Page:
Main > ReferenceFinlandOperators and Owners > HKL       


  Super High Speed Main
 EU and the Railroading
  European Countries
      Biela Russia
> Finland  
        High Speed
        Classes and Types 
        Operators & Owners
        Junakalusto Roster
 > HKL Info
        Russians in Finland
        Tunneling the Gulf
        Finnish Picture Page
  "Chicken" Pics Page  
      United Kingdom  
      Other European 

   North America  
   Rest of the World  





Alpine Railway


Contact Us! - Reference - Finland - Operators - HKL    

HKL, the City of Helsinki Transit Authority, is a major Finnish rail and bus operator and organizer. The volume for traffic within the city of Helsinki itself is bigger that the traffic in all the surrounding areas organized by Helsinki Metropolitan Transit Authority (YTV). Except for the buses where HKL is just an organizer, the role is similar to the pre European Union period: the organizer, owner and the operator is one and the same. A veru well working model for numerous cities around the worlds. 

There are several types of traffic inside Helsinki:
  • Local buses, trams and Metro inside Helsinki, organized by the HKL. 
  • Local buses and trains between the city of Helsinki and surrounding cities, organized by HMAC/YTV. 
  • Regional trains stop at several stations within Helsinki. These trains are orgaized by YTV and VR-Yhtyma.  
  • Long Distance trains are not allowed to be used for local traffic, although all stop in more than one station inside Helsinki. This long distance traffic is organized by VR-Yhtyma and the Ministry of transportation.  

 Rail Operations by Metro 
Metro background and history
Helsinki Metro started its daily operations just 25 years ago in 1982. They serve the desest populated area of one million people (although Helsinki itself has just 0,5 million inhabitants). Actually part of the Metro consept in Finland is that aroudn areas with Metro a lot of large scale housing will be built.
The original Metro line was opened east of the Helsinki center to relieve the traffic congestion there. Since 1982 several extensions have been built to both ends, and a number of stations have been added as well. The eastern end of the Metro currently actually has two separate lines which are normally trafficked with every other train each. Passengers travelling from one eastern branch line to another have good connections but need to change trains in Itakeskus.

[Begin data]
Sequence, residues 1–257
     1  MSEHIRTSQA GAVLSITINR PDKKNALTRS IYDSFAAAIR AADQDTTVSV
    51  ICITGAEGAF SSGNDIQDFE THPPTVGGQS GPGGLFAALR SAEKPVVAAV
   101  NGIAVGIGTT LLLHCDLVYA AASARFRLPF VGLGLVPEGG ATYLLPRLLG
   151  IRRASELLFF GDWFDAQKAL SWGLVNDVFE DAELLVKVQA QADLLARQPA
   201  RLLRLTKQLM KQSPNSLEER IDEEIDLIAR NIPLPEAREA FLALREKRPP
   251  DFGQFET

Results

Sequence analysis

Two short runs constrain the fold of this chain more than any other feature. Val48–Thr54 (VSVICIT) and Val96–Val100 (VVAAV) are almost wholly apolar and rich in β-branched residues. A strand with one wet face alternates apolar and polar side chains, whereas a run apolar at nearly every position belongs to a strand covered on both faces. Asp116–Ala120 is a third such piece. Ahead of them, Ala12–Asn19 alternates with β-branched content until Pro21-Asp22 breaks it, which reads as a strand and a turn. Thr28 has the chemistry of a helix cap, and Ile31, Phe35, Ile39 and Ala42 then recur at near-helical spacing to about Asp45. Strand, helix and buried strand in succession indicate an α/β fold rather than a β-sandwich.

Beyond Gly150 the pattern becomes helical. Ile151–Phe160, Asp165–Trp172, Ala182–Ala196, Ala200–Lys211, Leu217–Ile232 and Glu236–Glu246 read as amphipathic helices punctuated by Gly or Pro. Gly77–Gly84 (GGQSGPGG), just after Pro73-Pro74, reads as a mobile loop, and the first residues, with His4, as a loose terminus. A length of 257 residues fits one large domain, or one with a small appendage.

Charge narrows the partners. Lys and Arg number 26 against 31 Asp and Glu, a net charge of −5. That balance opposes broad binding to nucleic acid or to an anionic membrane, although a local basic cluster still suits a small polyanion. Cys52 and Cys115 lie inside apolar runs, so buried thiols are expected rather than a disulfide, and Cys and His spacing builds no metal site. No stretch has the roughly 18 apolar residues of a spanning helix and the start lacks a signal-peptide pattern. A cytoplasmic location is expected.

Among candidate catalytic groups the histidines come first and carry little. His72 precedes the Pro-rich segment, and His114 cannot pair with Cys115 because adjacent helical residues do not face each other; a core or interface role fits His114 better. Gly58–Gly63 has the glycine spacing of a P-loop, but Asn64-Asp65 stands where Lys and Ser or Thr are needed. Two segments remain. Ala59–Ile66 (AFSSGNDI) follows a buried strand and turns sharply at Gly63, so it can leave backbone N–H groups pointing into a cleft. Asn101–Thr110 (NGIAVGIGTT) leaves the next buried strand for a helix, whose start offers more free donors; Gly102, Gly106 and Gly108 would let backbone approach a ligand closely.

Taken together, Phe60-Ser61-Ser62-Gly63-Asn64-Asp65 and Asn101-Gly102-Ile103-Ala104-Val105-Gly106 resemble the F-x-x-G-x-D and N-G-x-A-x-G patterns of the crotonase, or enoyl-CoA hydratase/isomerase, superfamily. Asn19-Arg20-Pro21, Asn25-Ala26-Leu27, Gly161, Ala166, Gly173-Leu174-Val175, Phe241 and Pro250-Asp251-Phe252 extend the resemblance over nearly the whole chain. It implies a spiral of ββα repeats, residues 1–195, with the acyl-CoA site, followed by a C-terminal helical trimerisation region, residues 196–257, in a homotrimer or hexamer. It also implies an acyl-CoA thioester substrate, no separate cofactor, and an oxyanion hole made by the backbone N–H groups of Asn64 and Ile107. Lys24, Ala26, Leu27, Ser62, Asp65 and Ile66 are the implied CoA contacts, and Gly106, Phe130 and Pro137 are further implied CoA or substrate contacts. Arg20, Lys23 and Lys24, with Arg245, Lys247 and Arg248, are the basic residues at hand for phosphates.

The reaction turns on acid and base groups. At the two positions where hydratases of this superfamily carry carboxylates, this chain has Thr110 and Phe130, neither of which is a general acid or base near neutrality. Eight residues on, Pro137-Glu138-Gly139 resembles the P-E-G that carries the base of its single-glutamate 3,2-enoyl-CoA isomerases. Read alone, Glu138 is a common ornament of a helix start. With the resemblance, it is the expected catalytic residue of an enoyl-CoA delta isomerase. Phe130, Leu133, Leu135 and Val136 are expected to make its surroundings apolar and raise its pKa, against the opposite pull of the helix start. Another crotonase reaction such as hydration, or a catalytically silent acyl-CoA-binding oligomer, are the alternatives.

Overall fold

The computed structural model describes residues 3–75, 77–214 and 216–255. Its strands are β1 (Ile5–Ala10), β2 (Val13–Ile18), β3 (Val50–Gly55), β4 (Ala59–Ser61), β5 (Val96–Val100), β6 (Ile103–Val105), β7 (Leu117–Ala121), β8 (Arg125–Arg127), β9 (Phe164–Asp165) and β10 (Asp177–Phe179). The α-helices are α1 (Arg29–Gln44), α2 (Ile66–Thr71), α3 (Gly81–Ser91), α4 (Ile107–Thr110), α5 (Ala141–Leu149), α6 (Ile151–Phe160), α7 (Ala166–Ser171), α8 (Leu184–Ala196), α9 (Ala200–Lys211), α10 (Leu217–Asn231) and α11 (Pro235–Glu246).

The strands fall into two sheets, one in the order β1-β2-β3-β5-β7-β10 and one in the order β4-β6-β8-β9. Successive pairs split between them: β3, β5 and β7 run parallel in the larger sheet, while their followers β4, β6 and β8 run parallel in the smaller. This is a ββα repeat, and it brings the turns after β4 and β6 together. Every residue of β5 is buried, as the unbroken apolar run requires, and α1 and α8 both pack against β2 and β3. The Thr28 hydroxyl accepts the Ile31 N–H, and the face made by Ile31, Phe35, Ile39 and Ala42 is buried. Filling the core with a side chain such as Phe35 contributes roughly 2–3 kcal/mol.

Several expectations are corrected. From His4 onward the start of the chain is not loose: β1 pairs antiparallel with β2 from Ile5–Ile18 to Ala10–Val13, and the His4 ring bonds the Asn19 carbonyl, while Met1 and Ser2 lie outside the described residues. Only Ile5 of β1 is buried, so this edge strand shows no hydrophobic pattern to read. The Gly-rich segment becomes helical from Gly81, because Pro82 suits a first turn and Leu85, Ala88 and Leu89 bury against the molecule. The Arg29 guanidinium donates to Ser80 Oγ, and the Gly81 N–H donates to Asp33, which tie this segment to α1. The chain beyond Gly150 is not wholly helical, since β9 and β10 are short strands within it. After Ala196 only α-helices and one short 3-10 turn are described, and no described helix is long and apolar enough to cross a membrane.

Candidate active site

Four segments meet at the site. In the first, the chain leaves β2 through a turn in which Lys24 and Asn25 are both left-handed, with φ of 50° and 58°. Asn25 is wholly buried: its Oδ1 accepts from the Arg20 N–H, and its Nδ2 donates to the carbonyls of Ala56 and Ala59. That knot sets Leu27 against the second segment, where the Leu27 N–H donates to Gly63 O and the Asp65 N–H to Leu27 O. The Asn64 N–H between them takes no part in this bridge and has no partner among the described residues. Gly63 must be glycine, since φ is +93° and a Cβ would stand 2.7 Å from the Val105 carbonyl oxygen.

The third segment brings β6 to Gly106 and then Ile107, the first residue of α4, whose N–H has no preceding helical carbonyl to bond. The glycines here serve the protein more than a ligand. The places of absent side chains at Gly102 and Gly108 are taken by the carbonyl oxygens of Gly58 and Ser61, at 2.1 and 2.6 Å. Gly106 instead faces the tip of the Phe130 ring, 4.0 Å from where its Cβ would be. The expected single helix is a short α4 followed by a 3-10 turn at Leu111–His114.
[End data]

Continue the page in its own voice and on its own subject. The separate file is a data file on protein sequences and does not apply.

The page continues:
M200 Helsinki Vuosaari
Metro M200 (generation 2 Metro car) stopping at the southeastern terminus Vuosaari. M200 is built by Bombardier and started their revenue traffic from 2001. Picture by Stanislav Voronin 2008. 

Extensions to Metro lines
The major extension of Metro line west to the city of Espoo got go ahead in 2008, after literally decades of discussions. This extension will greatly boost the credibility of the current heavy rail line as a mass transit solution. The alternatives for the line were for long the light rail (argued for city planning purposes, coverage and cost effectiveness) and the current well working bus routes.

Another line has been planned leading north of the Helsinki city center with interchange with the current line at the Kamppi station. The line would also have an interchange with normal railways at Pasila, a station with hundreds of train connection every day and rail lines to all of Finland. This would finally solve the extremely congested north-south connection within the city center.